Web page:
The Web Science Trust

Microblogging without Borders: Differences and Similarities

Garcia, Ruth and Poblete, Barbara and Mendoza, Marcelo and Jaimes, Alejandro (2011) Microblogging without Borders: Differences and Similarities. pp. 1-4. In: Proceedings of the ACM WebSci'11, June 14-17 2011, Koblenz, Germany.

PDF - Requires a PDF viewer such as GSview, Xpdf or Adobe Acrobat Reader
Image (PNG)

Official URL:


The fast increase in the ease of access to computing, coupled with the rapid growth of social media has provided the space and motivated people all over the world to publicly share many kinds of information, from general interest topics such as elections and fashion to private topics such as the user’s mood. The widespread use of microblogging services such as Twitter, in particular, have led to vast amounts of data generated by users in many different countries. In spite of this, very little is known about the differences and similarities in the way that people in different countries use such microblogging services. In this paper, we describe the analysis of a large-scale collection of Twitter data. First, we collected more than 550 million tweets from over 76 million users during August 20-29, 2010. Then, we identified the 10 countries with the highest volume of tweets during that period, and finally, selected the users from that period for those 10 countries, and collected all of their tweets for an entire year. Our analysis is based on over 5 billion tweets for 4.7 million anonymous users. We highlighting differences and similarities among these 10 countries with respect to language use, sentiment, and content of tweets.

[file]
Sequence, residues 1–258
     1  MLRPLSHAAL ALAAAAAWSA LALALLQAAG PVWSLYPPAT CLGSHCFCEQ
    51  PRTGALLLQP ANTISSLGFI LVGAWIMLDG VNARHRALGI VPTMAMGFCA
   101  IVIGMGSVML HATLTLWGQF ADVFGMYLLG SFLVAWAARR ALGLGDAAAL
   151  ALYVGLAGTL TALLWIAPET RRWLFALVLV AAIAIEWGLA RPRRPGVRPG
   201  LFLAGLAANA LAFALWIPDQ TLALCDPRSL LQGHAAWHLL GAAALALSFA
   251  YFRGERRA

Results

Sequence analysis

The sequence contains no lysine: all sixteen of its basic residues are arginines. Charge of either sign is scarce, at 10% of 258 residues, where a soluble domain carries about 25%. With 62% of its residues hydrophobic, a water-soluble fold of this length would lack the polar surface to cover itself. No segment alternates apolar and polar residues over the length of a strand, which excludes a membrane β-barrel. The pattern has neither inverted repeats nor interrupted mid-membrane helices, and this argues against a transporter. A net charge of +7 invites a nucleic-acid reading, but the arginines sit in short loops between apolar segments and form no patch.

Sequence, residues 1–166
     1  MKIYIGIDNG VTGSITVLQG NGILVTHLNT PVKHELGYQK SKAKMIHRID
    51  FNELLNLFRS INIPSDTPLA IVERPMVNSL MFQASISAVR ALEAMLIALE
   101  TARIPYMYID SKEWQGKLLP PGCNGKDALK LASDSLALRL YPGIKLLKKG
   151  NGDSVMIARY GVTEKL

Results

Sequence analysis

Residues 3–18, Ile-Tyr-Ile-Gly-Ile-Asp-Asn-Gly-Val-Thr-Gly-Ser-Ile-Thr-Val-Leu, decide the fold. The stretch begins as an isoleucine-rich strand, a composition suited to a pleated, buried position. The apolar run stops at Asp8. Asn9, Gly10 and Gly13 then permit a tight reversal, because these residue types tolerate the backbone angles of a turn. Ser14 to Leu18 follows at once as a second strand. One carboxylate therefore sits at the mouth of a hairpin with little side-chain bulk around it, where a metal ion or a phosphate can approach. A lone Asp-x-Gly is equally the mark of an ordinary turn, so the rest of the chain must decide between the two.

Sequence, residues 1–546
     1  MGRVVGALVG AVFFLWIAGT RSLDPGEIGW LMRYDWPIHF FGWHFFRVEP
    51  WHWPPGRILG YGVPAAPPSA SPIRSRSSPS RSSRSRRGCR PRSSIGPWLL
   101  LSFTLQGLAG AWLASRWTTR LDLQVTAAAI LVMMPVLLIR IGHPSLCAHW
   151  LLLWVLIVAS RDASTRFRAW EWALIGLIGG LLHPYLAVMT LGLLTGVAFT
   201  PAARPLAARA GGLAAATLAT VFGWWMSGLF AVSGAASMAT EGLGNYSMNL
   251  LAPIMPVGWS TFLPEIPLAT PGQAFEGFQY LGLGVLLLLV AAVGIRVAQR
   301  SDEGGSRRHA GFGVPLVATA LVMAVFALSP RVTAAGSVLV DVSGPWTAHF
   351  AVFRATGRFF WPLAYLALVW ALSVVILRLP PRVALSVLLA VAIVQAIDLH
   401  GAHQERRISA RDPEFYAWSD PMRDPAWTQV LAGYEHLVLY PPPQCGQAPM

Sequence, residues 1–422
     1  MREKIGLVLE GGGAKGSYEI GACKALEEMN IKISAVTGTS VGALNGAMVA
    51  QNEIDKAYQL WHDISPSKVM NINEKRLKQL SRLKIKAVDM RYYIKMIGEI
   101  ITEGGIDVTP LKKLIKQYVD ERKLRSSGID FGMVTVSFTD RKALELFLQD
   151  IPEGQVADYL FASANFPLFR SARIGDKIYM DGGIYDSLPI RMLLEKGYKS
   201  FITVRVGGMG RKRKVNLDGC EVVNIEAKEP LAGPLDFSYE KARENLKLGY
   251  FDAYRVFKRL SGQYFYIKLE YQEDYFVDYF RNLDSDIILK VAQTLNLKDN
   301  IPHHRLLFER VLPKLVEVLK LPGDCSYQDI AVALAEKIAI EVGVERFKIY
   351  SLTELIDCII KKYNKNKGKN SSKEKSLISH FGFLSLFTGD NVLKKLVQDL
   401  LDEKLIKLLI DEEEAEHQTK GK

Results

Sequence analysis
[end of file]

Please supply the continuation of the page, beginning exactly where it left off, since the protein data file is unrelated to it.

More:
Item Type:Conference or Workshop Item (Poster)
Web Science Comments:WebSci Conference 2011
Subjects:WS9 Sociology > WS93 Social Networks
Web Science Events > Web Science 2011
ID Code:525
Deposited By: Lisa Sugiura
Deposited On:07 Jun 2011 16:37
Last Modified:25 Oct 2011 17:11

Repository Staff Only: item control page

EPrints Logo
Web Science Repository is powered by EPrints 3 which is developed by the School of Electronics and Computer Science at the University of Southampton. More information and software credits.